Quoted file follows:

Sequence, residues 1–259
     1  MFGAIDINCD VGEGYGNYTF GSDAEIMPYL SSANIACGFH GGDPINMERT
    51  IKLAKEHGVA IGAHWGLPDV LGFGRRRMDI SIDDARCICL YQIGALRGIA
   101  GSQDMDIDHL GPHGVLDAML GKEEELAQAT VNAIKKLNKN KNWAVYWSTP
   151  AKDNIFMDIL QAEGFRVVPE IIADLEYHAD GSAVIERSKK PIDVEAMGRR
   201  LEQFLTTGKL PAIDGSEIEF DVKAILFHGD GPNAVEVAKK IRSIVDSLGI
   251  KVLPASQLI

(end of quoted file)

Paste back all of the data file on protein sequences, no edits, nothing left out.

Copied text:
Sequence, residues 1–259
     1  MFGAIDINCD VGEGYGNYTF GSDAEIMPYL SSANIACGFH GGDPINMERT
    51  IKLAKEHGVA IGAHWGLPDV LGFGRRRMDI SIDDARCICL YQIGALRGIA
   101  GSQDMDIDHL GPHGVLDAML GKEEELAQAT VNAIKKLNKN KNWAVYWSTP
   151  AKDNIFMDIL QAEGFRVVPE IIADLEYHAD GSAVIERSKK PIDVEAMGRR
   201  LEQFLTTGKL PAIDGSEIEF DVKAILFHGD GPNAVEVAKK IRSIVDSLGI
   251  KVLPASQLI